Teaching Students About Biodiversity: By Studying the Correlation Between Plants & Arthropods (Inquiry & INVESTIGATION)
The American Biology Teacher 2008, April, 70, 4
The American Biology Teacher
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Biodiversity is an ecological buzz-word that has garnered a great deal of attention for the past several decades. The main focus has been on human effects on biodiversity. Humans mainly affect biodiversity directly through development, which decreases wildlife habitat (Dodd, 1987; Greene, 1997), or indirectly through habitat fragmentation, introduction of exotic species, or alteration of natural cycles (e.g., suppression of natural fires; McClain 8z Anderson, 1990; Owens ST Cole, 2003). Much attention has been given to human impacts on biodiversity and many lessons about this topic have been developed for the classroom (Kishbaugh, 2002; Almeida et al., 2006). While biodiversity curricula for the classroom have been inventive and noteworthy, students first need an introduction to biodiversity, including an introduction to the concept, common ecological terms often associated with biodiversity, factors that may affect biodiversity of a particular taxon, and ways of measuring biodiversity. Teachers face the challenge of introducing this concept in an authentic way which students can apply to their surroundings. This can be especially challenging in urban environments which are human-centered habitats and often low in green spaces and diversity.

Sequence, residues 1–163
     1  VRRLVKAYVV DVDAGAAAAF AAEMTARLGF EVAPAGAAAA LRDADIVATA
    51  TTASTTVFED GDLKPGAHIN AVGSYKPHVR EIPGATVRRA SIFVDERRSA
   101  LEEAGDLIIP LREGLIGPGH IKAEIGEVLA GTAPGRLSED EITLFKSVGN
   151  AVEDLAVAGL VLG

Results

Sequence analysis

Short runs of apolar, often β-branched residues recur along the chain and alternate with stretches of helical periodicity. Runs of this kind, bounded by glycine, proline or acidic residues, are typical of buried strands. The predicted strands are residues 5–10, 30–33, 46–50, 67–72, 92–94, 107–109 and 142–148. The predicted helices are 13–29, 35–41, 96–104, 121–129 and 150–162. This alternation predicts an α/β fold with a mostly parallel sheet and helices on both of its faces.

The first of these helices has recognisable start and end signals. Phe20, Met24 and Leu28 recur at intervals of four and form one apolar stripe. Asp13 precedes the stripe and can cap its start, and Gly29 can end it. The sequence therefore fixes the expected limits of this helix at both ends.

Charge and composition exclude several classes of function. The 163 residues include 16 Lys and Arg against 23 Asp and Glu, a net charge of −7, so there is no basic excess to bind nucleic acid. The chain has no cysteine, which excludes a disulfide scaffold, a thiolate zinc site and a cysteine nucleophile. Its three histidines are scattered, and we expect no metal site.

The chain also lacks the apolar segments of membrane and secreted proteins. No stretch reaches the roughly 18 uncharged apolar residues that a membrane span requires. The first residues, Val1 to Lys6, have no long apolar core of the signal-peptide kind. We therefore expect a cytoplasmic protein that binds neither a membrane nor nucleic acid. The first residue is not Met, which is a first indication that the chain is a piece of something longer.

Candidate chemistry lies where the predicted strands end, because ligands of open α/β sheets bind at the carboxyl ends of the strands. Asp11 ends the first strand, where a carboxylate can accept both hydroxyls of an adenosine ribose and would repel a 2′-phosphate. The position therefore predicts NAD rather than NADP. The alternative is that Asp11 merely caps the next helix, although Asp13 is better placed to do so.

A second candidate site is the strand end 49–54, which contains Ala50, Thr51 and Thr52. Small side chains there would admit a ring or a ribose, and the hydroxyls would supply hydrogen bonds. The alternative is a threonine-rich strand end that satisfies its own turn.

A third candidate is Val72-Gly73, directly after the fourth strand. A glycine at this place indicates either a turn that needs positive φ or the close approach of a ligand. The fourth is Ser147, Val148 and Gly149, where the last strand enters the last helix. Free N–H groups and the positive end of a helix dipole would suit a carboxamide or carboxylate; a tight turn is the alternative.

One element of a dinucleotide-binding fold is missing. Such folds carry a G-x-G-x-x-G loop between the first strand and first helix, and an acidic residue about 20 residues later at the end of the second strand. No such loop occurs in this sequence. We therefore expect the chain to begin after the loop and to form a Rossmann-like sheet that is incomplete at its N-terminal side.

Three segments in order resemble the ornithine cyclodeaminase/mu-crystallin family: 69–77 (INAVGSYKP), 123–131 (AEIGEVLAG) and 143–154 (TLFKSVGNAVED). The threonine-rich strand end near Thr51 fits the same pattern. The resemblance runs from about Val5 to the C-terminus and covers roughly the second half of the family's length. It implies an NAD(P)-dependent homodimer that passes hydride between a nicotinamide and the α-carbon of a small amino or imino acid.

- 2,99 €
- Category: Life Sciences
- Published: 01 April 2008
- Publisher: National Association of Biology Teachers
- Print Length: 11 Pages
- Language: English